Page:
Tim_Cotterill - The_ FrogmanTim Cotterill’s bronze frog sculptures capture the whimsical character, the jewel-like quality and the pure JOY of these beautiful little creatures.

“Through the centuries and throughout the world, frogs have symbolized many things – Good Luck, Royalty, Fertility, Magic Potions, Energy, Charm. In today’s fast world, life sometimes becomes complicated and stressful. As you can see, my art is not. It’s Elegant, Stylish, Whimsical, Unique and pure FUN! As children we were excited to see our first frogs. They made us laugh when they jumped our way! We were curious about the strange way they felt; the odd way they moved and their simple contented look. I used to watch frogs at my pond, noting how each one had its own colour markings, character and even personality.”

Tim Cotterill, also known as Frogman, was born in Leicester, England, in 1950. He left school at the age of fifteen to complete a six year engineering apprenticeship. Intrigued with metalworking, Tim created radical wheeled vehicles and metal sculptures of animals and birds during the ’70s and ’80s. His original steel, bronze and gold bird and animal sculptures are in art collections thoughout the world. Tim emigrated to California in 1990 where he has since devoted himself solely to the creation of his unique bronze sculptures. Tim’s work is now represented in fine art galleries world-wide.

See also How The Bronze Frogs Are Made

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The story of Tim Cotterill is also captured in a fabulous book called “Frogman, The Creativity of Tim Cotterill”. The extract below record in his own words, his fascination with frogs which has occurred throughout his life.

“We bought an old Victorian house in the Knighton area, a quirky part of Leicester. Doing all the work ourselves, we renovated the house and doubled its size. I built a lovely pond in the back garden, and it soon attracted many frogs from the nearby woods. I’d return home from a hard day at work, crack open a can of Special Brew beer and sit on the edge of the pond with a bucket of worms that I had collected that day. A few taps on a rock, and the frogs understood it was feeding time. It was wonderful to watch these beautiful little creatures and observe their unique color markings, character, and distinctive personalities. Their contented nature mirrored my happiness. I named them Big Bill, Little Bill, Fast Eddy, Slippery Pete, Dave, Albert, Harold. I absorbed their movements and individual characteristics, observations that would prove invaluable to me later. ”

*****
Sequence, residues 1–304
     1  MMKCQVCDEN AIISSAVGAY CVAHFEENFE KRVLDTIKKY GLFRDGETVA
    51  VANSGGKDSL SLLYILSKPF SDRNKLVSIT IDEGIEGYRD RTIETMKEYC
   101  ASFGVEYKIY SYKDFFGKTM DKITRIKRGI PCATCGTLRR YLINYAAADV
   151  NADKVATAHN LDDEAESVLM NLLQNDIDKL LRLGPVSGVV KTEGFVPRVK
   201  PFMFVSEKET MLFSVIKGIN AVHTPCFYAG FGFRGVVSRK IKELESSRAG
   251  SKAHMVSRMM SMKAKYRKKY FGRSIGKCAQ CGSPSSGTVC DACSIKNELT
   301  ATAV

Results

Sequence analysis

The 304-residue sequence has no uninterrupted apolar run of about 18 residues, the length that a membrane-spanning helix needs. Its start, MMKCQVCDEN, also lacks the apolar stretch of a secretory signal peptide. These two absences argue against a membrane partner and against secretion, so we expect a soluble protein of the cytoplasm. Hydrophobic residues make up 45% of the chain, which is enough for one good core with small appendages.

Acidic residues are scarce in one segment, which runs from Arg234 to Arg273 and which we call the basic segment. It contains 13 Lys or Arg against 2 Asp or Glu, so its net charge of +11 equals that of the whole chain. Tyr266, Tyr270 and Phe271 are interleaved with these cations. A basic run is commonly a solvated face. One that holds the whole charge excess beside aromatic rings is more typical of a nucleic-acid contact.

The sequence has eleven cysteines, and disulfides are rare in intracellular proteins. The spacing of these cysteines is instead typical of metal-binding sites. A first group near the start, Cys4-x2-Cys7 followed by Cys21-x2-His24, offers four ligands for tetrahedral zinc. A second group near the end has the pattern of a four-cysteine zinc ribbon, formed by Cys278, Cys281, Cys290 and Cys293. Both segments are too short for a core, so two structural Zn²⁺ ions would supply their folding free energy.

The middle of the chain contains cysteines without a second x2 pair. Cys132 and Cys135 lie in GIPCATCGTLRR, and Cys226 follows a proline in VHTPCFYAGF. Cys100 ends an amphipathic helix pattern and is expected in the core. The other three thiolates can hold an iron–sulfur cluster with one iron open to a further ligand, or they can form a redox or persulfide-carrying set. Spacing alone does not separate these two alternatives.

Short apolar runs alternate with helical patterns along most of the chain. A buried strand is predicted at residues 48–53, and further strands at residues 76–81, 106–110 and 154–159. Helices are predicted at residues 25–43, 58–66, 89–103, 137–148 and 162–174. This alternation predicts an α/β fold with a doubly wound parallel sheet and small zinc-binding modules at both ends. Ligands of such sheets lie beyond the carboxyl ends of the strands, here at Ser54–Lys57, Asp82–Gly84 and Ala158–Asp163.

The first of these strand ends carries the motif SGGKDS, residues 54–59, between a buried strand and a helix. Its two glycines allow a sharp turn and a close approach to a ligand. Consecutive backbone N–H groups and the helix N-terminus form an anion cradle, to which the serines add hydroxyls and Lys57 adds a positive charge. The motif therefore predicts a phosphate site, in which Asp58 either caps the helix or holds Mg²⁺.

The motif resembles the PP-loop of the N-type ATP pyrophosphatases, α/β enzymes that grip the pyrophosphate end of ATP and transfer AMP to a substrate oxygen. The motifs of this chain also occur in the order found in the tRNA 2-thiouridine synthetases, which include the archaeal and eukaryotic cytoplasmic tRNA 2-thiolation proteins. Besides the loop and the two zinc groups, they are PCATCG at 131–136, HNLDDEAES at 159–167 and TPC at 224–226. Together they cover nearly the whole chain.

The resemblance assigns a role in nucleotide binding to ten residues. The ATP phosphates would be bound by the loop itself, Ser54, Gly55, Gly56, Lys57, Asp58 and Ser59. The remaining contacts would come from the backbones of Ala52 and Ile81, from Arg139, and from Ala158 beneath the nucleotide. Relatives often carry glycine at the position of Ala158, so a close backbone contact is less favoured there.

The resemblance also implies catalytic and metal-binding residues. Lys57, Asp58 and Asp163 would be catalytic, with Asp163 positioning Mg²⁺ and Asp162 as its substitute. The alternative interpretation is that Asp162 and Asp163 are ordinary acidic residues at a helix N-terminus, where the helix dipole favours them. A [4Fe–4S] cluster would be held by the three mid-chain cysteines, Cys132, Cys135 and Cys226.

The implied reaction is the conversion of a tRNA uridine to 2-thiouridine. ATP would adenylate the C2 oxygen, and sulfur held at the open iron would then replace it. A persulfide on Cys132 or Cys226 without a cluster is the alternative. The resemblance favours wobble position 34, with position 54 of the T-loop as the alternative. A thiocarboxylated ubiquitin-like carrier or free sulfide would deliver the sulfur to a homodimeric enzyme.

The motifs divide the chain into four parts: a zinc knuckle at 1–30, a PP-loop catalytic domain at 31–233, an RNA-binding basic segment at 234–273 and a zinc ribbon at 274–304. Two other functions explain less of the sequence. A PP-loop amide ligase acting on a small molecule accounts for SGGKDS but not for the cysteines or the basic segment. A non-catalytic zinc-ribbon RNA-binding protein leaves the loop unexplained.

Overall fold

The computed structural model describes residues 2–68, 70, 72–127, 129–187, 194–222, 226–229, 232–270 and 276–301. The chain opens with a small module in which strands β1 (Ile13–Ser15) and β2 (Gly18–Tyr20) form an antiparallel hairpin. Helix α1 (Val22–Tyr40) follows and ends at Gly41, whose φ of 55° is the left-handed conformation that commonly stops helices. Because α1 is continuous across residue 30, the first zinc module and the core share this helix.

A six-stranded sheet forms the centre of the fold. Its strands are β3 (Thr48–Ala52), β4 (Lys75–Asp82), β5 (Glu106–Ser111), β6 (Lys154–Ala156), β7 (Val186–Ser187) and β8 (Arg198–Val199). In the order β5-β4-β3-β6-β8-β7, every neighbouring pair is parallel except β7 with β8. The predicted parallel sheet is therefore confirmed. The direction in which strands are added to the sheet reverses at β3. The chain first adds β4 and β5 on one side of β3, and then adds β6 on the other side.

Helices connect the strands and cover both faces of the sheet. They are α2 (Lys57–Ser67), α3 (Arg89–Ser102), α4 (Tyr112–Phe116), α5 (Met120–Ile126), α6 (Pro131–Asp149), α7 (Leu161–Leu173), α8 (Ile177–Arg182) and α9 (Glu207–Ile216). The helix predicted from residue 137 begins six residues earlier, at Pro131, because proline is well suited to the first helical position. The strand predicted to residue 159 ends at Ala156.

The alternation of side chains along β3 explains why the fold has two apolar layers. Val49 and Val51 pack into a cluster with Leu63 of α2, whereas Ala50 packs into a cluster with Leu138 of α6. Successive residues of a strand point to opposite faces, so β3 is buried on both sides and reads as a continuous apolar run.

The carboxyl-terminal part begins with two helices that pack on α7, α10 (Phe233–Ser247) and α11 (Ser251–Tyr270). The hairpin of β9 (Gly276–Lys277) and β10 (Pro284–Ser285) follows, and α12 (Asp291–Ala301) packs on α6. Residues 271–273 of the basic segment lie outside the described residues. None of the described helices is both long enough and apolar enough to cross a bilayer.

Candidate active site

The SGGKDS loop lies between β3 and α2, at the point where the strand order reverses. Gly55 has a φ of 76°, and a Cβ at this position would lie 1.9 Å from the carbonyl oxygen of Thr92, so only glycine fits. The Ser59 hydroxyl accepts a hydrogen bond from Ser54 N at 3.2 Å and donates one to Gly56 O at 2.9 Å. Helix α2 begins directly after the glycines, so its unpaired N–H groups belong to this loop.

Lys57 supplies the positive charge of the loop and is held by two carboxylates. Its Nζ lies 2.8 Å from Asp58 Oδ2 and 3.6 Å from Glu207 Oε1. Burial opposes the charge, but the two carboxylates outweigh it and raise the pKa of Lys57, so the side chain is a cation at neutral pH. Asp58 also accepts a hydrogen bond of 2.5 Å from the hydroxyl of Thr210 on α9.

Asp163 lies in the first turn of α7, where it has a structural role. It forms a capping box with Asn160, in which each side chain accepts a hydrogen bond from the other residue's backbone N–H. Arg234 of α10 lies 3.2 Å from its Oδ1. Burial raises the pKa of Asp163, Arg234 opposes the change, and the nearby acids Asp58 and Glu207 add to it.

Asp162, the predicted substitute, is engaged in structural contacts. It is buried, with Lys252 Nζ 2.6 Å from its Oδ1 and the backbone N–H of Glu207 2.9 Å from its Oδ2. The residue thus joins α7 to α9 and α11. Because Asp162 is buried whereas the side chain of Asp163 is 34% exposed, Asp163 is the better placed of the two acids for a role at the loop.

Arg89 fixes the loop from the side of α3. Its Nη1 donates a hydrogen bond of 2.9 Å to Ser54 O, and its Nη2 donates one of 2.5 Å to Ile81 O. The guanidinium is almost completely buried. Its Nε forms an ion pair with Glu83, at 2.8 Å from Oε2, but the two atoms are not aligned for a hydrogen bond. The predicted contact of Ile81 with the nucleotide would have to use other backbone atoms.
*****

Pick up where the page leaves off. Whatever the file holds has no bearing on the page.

“Soon, strong memories of the form and movements of frogs grew into a desire to create them in sculpture. I was intrigued by the challenge of capturing their personalities. Some of the elements of a frog’s shape melded in my mind, inspired by the delightful chubbiness of a baby or the grace and beauty of a well-shaped human leg. This perspective, combined with what I imagine as an almost cartoon-like quality of a frog’s expression, engaged my imagination. The frogs I sculpted seemed to offer something intrinsically appealing to many people. I had a few cast in bronze and began to display them at shows. They held a fascination and charm that captured the interest of others. ”

“Many years previously, I had the distinct impression that my life always came together like the pieces of a puzzle. With my new creative focus on frogs, I began to feel that way once again. I began to understand that my fascination with frogs was not unique. Throughout the centuries, frogs have symbolized many things to people around the world: Energy, good luck, royalty, fertility, magic potions, charm are some of them. In capturing the essence of frogs in my sculptures, I had begun the process of healing my troubled mind and capturing my love of life once again.”

“The koi pond is teeming with colorful koi and is surrounded by flourishing tropical plants, the shady playground for the many frogs who’ve made their home here with me. It’s always a simple pleasure to spend some moments each day watching and listening to them and feeling thankful for the blessings they’ve brought to my life.”

Tim Cotterill